Inside the loco shed the pallets were cut to shape, and some of the cross bracing was taken apart for transport. We also did some degreasing. The pick up is on Monday and by Thursday next week it should all be back. So quick. Then there's the etching treatment and a first coat of primer.

Broadway bits

Work on the car park has resumed:

The same contractor has returned and is now going to finish off the bell mouths. It's two weeks for each end, we learned. There won't be an island in the road, which is a shame, as it would have slowed the traffic which mostly exceeds the 30mph speed limit here, coming as it does down Pennylands bank.

Off site further authentic items are being prepared for fitting to the station before the next season.

If you look at the 1904 platform side picture you will see that the wall of the building has a whole series of posters on it. These were carried on boards, like this one at Gotherington. They are made of T&G with a special grooved moulding around it. This moulding holds it all together.

The letters above are cast and 4 inches high.

A supporter has (with our agreement) given us 4 authentic reproduction GWR posters on aluminium sheet supports. These are completely weatherproof, and thus suitable for use outside. They look exactly right, but won't fade or get ripped to shreds by the wind.

We have a collection of original cast GWR letters (more are always welcome) and we have sent a set of GWR ones to a small foundry to be copied 6 times, for 6 poster boards.

T&G is easily obtainable, but how about the special grooved moulding?

We went to a specialist company in Wallsall, where our moulding shape was measured with this interesting gauge (A pin gauge, isn't it?)

You press it on the shape, and it makes a perfect reproduction of it. And it's not used very often, we were told, so the GWR moulding really is an old and very special shape.

The same moulding will also be used on the production of more V boards at Broadway, such as WAY IN, WAY OUT, and 'WAY OUT over the footbridge'.

It takes quite a bit of research and a lot of time to source all these special letters and materials, but it is happening, and we will have them ready for the next season.


  1. Excellent blog Jo.
    However, whilst reading a blog on 'G.W.R' versus 'GREAT WESTERN' on the top of notice boards. It was noted by a contributor to the blog that the Great Western hardly ever (and then only latterly) used G.W.R at the top of their boards, preferring GREAT WESTERN, and only using G.W.R on their posters prior to the 'shirt button' logo.
    This is not a criticism but hoped to aid in your search for authenticity at Broadway.
    Regards, Paul.

    1. Thanks for the advice, Paul.
      I'm copying an original at Gotherington. The cast letters are already ordered.
      We have an original inside the Broadway booking office now, and that heading is GREAT WESTERN, in red paint (not the cast letters as outside)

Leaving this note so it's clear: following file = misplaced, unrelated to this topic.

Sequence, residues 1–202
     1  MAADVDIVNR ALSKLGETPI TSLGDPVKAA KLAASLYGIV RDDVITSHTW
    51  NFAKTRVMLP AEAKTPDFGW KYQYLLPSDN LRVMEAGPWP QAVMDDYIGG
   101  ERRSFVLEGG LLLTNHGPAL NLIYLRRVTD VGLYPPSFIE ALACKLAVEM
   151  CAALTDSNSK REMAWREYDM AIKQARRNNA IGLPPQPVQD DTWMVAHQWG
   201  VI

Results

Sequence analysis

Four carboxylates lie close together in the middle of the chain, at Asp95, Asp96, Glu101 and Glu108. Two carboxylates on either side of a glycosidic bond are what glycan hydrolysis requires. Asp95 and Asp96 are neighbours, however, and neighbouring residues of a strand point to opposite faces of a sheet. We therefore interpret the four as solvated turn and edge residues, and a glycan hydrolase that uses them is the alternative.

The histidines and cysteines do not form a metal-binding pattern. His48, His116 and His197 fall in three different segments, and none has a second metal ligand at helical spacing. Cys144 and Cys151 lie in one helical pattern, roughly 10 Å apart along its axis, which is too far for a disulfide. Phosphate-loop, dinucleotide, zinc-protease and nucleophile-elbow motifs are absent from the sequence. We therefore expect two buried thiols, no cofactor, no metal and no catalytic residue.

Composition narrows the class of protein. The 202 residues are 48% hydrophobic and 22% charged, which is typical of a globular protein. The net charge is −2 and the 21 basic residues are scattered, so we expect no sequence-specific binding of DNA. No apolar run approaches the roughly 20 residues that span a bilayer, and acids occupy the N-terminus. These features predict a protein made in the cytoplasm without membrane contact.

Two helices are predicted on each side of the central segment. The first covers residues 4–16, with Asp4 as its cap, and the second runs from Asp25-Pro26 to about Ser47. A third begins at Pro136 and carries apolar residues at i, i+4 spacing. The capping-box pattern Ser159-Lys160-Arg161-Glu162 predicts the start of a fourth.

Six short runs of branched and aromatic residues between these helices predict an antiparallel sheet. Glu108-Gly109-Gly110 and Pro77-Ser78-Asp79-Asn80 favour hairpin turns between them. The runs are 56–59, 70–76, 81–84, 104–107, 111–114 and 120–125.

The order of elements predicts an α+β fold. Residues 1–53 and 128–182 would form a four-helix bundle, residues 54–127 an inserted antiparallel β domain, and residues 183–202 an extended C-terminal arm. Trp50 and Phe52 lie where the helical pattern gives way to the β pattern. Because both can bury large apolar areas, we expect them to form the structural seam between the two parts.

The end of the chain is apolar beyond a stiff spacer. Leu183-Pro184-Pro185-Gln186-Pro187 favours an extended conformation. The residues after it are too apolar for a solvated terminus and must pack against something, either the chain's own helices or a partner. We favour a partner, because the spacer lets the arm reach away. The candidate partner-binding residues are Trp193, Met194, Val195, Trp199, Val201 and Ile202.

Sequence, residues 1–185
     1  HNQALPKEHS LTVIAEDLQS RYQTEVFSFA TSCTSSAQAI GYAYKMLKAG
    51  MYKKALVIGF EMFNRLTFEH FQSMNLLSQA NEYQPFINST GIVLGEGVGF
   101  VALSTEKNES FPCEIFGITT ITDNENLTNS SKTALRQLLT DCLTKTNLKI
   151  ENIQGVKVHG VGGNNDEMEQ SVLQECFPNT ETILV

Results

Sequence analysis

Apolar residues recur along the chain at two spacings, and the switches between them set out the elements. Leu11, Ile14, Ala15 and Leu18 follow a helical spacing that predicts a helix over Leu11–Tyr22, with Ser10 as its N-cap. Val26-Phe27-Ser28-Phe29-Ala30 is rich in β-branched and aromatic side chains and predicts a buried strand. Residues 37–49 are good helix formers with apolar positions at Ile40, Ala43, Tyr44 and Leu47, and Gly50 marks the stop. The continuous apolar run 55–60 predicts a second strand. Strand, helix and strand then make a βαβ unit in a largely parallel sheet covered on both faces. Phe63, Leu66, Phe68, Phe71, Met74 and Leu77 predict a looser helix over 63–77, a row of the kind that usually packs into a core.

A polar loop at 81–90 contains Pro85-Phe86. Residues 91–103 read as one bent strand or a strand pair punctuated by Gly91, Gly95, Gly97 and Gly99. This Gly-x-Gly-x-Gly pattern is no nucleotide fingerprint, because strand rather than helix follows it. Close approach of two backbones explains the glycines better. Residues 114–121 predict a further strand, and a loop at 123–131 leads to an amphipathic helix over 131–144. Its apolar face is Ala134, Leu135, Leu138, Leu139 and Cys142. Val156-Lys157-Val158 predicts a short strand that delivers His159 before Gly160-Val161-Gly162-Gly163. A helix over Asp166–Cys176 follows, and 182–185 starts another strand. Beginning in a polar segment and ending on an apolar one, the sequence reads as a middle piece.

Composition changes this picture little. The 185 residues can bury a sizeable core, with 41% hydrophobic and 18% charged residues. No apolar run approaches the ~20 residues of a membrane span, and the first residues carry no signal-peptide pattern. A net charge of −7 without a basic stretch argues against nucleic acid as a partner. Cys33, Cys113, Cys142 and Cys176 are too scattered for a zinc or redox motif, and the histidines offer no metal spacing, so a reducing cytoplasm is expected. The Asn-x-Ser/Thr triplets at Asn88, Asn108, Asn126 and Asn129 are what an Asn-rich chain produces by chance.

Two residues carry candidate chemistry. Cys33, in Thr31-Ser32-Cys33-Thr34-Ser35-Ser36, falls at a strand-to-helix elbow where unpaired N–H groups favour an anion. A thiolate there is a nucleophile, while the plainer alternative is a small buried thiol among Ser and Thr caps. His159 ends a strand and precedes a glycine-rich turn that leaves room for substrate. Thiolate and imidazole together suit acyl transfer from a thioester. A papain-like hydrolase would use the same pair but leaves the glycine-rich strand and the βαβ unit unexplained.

If I do two interior ones (probably) we will letter it as you suggest. Alex has kindly offered to do that.

    2. I'm inclined to agree with Paul on this, and I'd be cautious about the provenance of the whole of that poster board at Gotherington. Looking at photos of Broadway I'd have thought cast GWR letters ought to be fairly obvious in certain views but aren't. The whole subject's a bit of a minefield though, as are many such things like this.

      A couple of links though, one from RMWeb discussing the subject: I'd always be cautious just copying from models but reading through modellers' research is often useful, they're quite likely to want to get it right!

      And secondly a picture of Shirley station which shows the boards there quite nicely: The lettering I'd imagine painted similar to the interior one you showed me Jo, or similar to one of the ones from the SVR I emailed you about a couple of months ago.

      Regardless of all that, any poster boards will be welcome to decorate the building a bit and make it look the part.


    3. I've not been able to see a sample on an original picture.
      The ones at Shirley are triples, where there is plenty of room for the whole GREAT WESTERN RAILWAY text. Broadway had singles, and the man at Gotherington says the photograph shows an original.
      I've ordered the letters, but I'd be happy to accept your offer to letter the interior ones, which had a painted text.

    4. Singles would probably have been lettered GREAT WESTERN Rly - I have a couple of examples from the SVR. As you say, you've ordered the letters now and they'll certainly look the part, and I'd be delighted to lend a signwriting brush when the time comes.


  2. Do your PW trollies have brakes?

    ELR has withdrawn all of its manually-propelled trolleys and replaced them with a
    new industry-standard, braked trolley. All ELR Permanent Way department staff
    and volunteers have been trained in using the new trolley, including pre-use brake
    tests, in accordance with the manufacturer’s instructions.

    ELR are assessing the withdrawn trolleys and arranging for them to be repaired
    or disposed of, as appropriate. All retained trolleys will be given asset numbers
    and suitably labelled.

  3. Speaking of moulding, will Broadway signal box be receiving moulding underneath the wooden window frames, as was GWR practice?

    It's perhaps a small detail, but one that would complete the masterpiece.


    1. It doesn't look like it, unless you can persuade S&T. The original building team has handed the box over to the users.